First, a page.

leaders. This antagonized the powerful merchants who controlled
Meccan society. They feared that his reforms would deprive
Mecca of its unique and profitable position as a center of both
pilgrimmage and trade. Eventually, Muhammad suffered setback
after setback.

Khadijah died around 620 and Muhammad was now seeking a
new place to take his message of submission. He found his new spot
in the city of Medina, some 200 miles from Mecca.

Medina was a sophisticated city that had attracted many pagan
Arabs who eventually outnumbered its Jewish founders. It had no
stable government but was constantly torn by feuds between rival
Arab tribes. The leaders of Medina saw in Muhammad a man of
power, discipline, and spirit who could serve as an arbitrator and
conciliator rather than a religious leader. Muhammad''s "Hejira"
(migration) to Medina took place in 622. This is the date that
marks the formation of Islam.

Muhammad''s revelations changed in character at about this time.
They became less prophetic and religious and more regulatory.
Islam, the religion and church, became a community and a state,
with Muhammad as the lawgiver, the supreme judge, the
commander-in-chief, and the ruler.

Once his power was centralized in Medina, Muhammad
concentrated on the conquest of his native city, Mecca. His
forces defeated the Meccans in the Battle of Badr 624, and thus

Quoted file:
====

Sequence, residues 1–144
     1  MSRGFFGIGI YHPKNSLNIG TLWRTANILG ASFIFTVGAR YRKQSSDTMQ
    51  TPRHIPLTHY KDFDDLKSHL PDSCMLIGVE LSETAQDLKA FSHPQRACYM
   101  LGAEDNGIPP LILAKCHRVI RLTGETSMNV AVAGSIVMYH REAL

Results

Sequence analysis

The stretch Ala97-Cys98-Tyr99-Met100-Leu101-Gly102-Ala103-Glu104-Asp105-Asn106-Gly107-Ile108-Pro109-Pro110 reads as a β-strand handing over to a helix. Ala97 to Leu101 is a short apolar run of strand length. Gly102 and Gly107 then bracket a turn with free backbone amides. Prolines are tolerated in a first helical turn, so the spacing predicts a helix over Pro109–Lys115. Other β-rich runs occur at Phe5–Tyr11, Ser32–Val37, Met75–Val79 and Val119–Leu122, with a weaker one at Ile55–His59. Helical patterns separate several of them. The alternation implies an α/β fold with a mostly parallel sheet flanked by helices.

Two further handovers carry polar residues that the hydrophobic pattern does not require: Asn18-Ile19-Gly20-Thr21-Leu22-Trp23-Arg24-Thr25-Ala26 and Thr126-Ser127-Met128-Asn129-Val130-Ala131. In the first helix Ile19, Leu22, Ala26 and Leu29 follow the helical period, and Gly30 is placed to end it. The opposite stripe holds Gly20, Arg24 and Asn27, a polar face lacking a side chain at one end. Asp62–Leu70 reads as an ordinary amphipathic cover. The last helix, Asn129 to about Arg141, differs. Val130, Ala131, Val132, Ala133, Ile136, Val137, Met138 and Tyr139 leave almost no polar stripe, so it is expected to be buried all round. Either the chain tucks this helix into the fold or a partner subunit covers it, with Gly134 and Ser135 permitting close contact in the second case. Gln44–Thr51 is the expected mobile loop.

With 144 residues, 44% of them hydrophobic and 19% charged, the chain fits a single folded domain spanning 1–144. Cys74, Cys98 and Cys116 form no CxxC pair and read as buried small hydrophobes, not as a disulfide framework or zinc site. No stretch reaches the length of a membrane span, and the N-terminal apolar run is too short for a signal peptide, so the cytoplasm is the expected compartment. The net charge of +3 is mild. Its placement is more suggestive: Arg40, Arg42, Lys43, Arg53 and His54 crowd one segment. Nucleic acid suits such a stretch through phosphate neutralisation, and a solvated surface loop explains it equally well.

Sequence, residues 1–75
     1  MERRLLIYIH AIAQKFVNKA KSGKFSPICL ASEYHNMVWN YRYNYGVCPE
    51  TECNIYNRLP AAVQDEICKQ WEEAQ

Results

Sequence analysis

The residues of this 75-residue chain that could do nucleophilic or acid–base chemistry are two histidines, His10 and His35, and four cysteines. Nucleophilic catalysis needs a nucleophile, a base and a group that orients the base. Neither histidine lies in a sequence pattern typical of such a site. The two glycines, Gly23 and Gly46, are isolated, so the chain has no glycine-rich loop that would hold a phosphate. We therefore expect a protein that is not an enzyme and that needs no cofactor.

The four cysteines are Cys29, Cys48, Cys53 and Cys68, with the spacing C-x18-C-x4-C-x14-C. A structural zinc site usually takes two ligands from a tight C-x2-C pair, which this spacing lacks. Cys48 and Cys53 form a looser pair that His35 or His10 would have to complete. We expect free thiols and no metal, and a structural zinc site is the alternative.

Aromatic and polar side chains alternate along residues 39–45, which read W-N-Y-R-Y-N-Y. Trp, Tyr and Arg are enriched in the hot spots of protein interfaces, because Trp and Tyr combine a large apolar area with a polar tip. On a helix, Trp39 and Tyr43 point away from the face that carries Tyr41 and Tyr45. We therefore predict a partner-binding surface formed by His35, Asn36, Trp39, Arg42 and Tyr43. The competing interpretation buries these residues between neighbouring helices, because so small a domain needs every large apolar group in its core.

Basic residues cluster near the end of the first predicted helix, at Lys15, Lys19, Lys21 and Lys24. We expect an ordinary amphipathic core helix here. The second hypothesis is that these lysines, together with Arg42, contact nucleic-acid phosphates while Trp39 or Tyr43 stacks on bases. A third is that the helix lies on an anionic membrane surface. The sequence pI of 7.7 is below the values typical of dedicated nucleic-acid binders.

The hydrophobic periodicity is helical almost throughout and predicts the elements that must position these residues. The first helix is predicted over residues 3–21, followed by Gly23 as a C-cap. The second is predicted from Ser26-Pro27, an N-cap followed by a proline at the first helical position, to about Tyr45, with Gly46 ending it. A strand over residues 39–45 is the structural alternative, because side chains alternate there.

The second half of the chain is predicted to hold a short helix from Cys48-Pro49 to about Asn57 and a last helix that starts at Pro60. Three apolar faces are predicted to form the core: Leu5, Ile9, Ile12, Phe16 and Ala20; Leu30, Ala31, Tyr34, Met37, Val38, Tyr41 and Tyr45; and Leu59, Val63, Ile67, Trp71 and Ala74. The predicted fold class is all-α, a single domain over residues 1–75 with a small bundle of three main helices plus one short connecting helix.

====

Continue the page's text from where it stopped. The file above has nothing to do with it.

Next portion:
gained control of the vital caravan routes. Badr was Islam''s first
ordeal by battle, and the cause was greatly strengthened by the
triumph. To followers, the victory was deemed prophetic. In 630
Muhammad entered Mecca as a conqueror. His success was now
complete. The Kaaba (the central shrine) and other holy places
were now in Islamic hands. Religious faith replaced old tribal
blood ties.

When Muhammad entered Mecca he announced the principles of
a new order: "Every claim of privilege or blood or property is
abolished by me except the custody of the temple and the
watering of the pilgrims." [Interpretation: Hourani]

In 632 Muhammad made his last visit to Mecca, with his speech
there being recorded as the final statement of his message: "Know
that every Muslim is a Muslim''s brother, and that the Muslims are
brethren; fighting between them should be avoided, and the blood
shed in pagan times should not be avenged; Muslims should fight
all men until they say, ''There is no god but God.''"
[Interpretation: Hourani]

By the time of his death in 632, you can see from the last quote
that the philosophy which endures today was beginning to take
shape. Muhammad is entombed in the Holy Mosque of the
Prophet, Medina.

Next week, the guts of Islam and its application to today. [This
may take an additional week].

Sources:
"The Columbia History of the World," edited by John A.
Garraty and Peter Gay.
"A History of the Arab Peoples," by Albert Hourani.
"American Heritage Encyclopedia."

Brian Trumbore